After spending five semesters on the LSA Student Government, LSA juniors Anne Laverty and Jeff Larkin have their sights on the organization’s top positions.

Laverty and Larkin, who are running uncontested for LSA-SG president and vice president, respectively, in the elections today and tomorrow, are stressing the importance of making sure the voices of LSA students are heard and valued by their governing body.

Laverty and Larkin became active members of LSA-SG during the second semester of their freshman year and currently hold positions on the body’s executive board as secretary and treasurer, respectively.

Laverty said Larkin has extensive experience with budgetary issues and academic affairs, while she has a strong focus on student life at the University. Larkin explained that their different perspectives and past work are, in part, what make the two a dynamic and competent pair.

“The different experiences that we’ve had, bringing that together, it reflects the whole government,” Larkin said. “So I think that’s what makes us really well qualified to run, is we know a lot about everything that goes on because we’ve done so many different things. I personally wanted to be a part of Anne’s team.”

The duo’s platform aims to improve multiple dimensions of campus life, beginning with collaboration between LSA-SG and other student groups and school departments.

LSA-SG currently sponsors Diag Days — in which representatives provide free food and information about LSA-SG to students — but these events have often conflicted with the efforts of other groups that are also trying to fundraise or advertise in the Diag, Laverty said. To resolve issues like this and to get more students involved in LSA-SG events, Laverty said she is planning to limit the number of LSA-SG functions and increase collaboration with other organizations like University leadership councils.

She added that she feels LSA-SG should be more proactive in reaching out to students on campus.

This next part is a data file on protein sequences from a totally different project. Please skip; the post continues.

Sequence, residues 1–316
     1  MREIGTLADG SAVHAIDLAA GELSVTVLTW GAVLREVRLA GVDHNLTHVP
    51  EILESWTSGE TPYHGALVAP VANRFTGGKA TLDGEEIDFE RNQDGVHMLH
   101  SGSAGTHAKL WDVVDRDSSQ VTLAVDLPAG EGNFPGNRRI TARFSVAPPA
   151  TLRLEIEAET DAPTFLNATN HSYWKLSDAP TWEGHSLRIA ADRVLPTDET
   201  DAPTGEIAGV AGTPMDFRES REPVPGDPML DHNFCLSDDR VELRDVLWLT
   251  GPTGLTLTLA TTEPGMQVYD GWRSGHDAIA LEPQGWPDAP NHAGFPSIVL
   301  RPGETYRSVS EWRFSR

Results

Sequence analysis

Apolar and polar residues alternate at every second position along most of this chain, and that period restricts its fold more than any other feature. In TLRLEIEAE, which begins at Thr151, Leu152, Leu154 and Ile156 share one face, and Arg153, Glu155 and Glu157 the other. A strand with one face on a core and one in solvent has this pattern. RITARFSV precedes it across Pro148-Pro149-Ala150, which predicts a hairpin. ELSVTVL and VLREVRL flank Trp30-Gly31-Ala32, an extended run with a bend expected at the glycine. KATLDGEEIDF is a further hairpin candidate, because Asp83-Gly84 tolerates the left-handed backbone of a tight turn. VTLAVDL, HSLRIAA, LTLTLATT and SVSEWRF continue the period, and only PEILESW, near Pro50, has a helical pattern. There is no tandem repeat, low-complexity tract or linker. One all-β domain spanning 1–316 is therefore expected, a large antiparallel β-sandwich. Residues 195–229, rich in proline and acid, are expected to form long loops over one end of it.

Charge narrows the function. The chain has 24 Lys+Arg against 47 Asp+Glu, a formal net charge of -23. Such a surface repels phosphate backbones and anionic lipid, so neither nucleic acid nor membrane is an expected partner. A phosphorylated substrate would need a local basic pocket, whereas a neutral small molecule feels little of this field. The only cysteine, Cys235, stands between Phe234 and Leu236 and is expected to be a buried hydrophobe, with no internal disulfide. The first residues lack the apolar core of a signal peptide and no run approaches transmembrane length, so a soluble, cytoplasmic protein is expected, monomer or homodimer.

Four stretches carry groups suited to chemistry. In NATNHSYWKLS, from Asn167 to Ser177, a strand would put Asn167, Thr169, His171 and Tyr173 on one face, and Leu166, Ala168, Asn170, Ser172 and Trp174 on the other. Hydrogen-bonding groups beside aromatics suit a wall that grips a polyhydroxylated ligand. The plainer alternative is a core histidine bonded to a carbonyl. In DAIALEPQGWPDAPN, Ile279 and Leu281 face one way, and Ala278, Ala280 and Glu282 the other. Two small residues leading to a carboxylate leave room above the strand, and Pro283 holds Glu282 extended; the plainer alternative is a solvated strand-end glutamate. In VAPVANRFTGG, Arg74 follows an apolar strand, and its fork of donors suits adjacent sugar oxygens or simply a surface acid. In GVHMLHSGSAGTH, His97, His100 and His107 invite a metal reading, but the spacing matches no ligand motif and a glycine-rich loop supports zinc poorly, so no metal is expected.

“Right now, student government is just not very reflective of the constituents we represent,” Laverty said.

Laverty and Larkin are also aiming to make the student government more transparent by changing the bylaws that address LSA-SG’s election procedures.

“We’re trying to change that because we want to give more of our body a chance to be involved in who they selectt,” Larkin said.

Another bylaw change they’re considering would call for LSA-SG members to represent a certain group of constituents, rather than all LSA students, in order to increase the accountability of representatives. Already discussed among LSA-SG members for some time, the proposed change would involve defining each constituency based on specifics like concentrations or locations of constituents’ residences, Laverty said.

“We can learn more what students want if you’re dealing with the same group of constituents the whole time,” Larkin said.

Laverty and Larkin are also striving to make the LSA-SG website more interactive for students by updating the minutes of weekly meetings, detailing the resolutions passed by the government and adding a forum through which students can provide input.

“Hopefully by allowing students to ask questions, we can converse with them more,” Larkin said. “That will get more students engaged, it will get more people to join student government and be interested in what we’re doing, too.”

Laverty added that another way she and Larkin hope to gain feedback from students is by introducing college town hall meetings to address pressing issues at the University including campus safety and problems with the LSA course guide.

“We elicit feedback from (students) every semester, but more feedback doesn’t hurt …” Larkin said. “So as we move forward into a new age and a new chapter at the University, what students want is always changing, so we always have to keep up.”

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